David Toti Comments: As Consumers Cheer, Plunge in Oil Prices Poses Test for Texas Real Estate

December 18, 2014, CoStar News

CoStar Portfolio Strategy analyzed the effect on local GDP of a further 20% drop in oil, with Houston leading the list with a reduction of more than 2%, followed by other energy centers like Oklahoma City and New Orleans. Sunbelt markets like Atlanta, Phoenix, Tampa and Orlando would enjoy the most upside, growing up to 2%, with the increase adding about 0.5% growth to national GDP.

Office vacancies declined in Houston when the price of crude oil increased in 2004. A precipitous drop in crude prices at the beginning of the Great Recession was followed by a rise in vacancies, which then compressed again as oil recovered. The Houston vacancy rate has started to move slightly higher following the more than 25% decline in the price of crude oil since June.

However, the potential hit to Houston may be overstated. Given the recent local growth and U.S. economic strength, growth in the nation’s energy capital will likely only slow to 3%-4% from the 5%-7% growth of the past several years, CoStar Portfolio Strategy said.

"In other words, Houston will look more and more like a typical U.S. growth market – but with a massive supply wave on the way and discordantly high pricing," Affleck said.

Falling share prices of Cousins Properties Inc. (NYSE: CUZ) and Parkway Properties Inc. (NYSE: PKY), publicly traded REITs which have significant exposure to Texas and Houston in particular, are an early indicator of the volatility of energy prices in the Lone Star State. Both stocks traded down recently on concerns over lower oil prices, falling to their lowest levels since March and prompting downgrades of Cousins Properties shares by Bank of America and Stifel due to concerns about the impact of falling oil prices on Houston’s office market.

Cousins’ office portfolio includes six properties located in Texas totaling 8.1 million square feet, representing 60% of CUZ’s total net operating income, with 48% in the Houston metro area alone. The company’s top 20 tenants represent 42% of the entire portfolio, including four giant publicly traded oil and gas firms, and 20% of the Cousins leased office portfolio is expected to expire in the next three years.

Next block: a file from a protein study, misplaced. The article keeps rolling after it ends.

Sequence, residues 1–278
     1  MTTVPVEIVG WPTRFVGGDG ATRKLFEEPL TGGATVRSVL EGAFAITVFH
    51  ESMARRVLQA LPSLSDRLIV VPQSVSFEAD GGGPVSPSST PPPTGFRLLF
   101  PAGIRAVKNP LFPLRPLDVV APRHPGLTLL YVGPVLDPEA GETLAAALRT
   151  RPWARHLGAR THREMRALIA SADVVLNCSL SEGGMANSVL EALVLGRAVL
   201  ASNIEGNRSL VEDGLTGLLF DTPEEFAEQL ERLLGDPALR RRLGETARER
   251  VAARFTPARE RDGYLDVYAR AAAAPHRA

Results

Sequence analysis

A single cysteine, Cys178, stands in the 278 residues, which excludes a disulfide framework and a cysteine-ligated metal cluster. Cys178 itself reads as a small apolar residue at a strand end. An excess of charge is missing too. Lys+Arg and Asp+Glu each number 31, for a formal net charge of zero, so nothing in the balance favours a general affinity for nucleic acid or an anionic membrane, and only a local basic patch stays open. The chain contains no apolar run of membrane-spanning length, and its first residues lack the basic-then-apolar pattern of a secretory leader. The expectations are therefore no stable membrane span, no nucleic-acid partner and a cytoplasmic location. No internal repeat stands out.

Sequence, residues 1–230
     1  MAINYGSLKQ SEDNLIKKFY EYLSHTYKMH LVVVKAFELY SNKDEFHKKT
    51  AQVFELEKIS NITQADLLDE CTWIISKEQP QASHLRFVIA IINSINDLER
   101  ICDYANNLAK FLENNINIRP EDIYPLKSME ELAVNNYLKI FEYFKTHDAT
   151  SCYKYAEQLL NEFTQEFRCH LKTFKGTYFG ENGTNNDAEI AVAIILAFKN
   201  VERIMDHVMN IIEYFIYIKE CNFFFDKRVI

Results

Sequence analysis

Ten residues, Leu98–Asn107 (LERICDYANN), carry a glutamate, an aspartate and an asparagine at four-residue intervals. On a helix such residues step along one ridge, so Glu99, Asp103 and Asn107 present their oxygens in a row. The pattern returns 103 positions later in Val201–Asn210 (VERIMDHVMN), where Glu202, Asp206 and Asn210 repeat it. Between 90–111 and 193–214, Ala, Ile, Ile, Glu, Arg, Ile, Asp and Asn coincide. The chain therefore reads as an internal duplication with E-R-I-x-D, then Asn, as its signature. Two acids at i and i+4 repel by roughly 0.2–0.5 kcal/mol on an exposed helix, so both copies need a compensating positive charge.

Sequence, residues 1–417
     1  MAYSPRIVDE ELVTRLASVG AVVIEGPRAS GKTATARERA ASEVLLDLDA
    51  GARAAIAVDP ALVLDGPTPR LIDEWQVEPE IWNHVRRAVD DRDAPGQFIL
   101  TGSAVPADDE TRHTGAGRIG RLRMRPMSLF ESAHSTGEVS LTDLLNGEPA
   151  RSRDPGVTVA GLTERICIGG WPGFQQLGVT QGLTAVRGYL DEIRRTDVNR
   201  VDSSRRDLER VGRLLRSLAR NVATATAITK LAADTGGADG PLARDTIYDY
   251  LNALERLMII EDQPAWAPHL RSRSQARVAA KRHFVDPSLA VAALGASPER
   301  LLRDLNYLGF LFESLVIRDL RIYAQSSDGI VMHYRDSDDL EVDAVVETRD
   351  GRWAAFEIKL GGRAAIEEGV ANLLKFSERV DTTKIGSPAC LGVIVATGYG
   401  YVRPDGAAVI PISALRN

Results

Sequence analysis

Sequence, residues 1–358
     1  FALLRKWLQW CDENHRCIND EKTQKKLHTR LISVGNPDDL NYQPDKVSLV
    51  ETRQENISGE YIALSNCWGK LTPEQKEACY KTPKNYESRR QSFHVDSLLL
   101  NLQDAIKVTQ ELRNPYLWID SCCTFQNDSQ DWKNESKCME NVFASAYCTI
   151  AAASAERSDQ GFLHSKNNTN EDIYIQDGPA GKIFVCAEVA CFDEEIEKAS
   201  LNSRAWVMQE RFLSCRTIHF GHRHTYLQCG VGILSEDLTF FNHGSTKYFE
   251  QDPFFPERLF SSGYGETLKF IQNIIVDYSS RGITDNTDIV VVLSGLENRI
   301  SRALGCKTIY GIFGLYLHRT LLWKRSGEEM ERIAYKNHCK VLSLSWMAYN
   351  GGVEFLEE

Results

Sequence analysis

Parkway Properties also has a strong presence in Houston, with 10 properties totaling 4.3 million square feet making up 34% of the company’s wholly owned portfolio. The company also has exposure to the Austin market through a joint venture portfolio of 2.4 million square feet.

Both companies have been in growth mode during the Texas real estate boom, acquiring and building assets across the Sunbelt and Texas. Underwriting of those richly priced deals assumed robust leasing growth against a backdrop of strong energy industry job growth, said David Toti, senior REIT analyst for Cantor Fitzgerald.

Crude oil prices and vacancy rates in the Houston, Austin, and to a lesser extent Dallas office markets are have been highly sensitive to crude oil prices over the past decade, Toti said.

"Although we do not see a significant risk here, we believe if the slump continues and the energy sector displays further signs of weakening, the re-leasing dynamic in the Texas office markets could be challenged," he said, noting that 37% of Parkway’s office space is scheduled to expire in the next three years –including Halliburton Energy Services, Inc., the largest energy tenant and Parkway’s second biggest overall with 2.9% of annualized rent, set to roll in early 2015.

"We believe significant stress in the energy industry could potentially revive investor fears and increase risk aversion relative to the Texas/Sunbelt-exposed REITs," Toti said.

The economic impact on office, apartment and industrial real estate is largely a Texas story for now.

In an analysis of CMBS loans secured by office and industrial properties exposed to oil and energy, Morgan Stanley identified 59 properties encumbered by 50 loans across 37 deals with a total allocated loan balance of $2.2 billion. Over 60% is located in Texas with 45% in Houston, and another 20% in Denver. No other city has more than 7.5% exposure and no other state has more than 5% exposure, according to Morgan Stanley CMBS analyst Richard Hill.

The largest loan exposure is the $168 million securitized loan encumbered by Brookfield Office Properties’ Two Allen Center in Houston. Chevon subleases more than 300,000 square feet from Devon Energy until January 2020 and Eni S.p.A, a major integrated energy company, leases 141,171 square feet of the property until January 2020.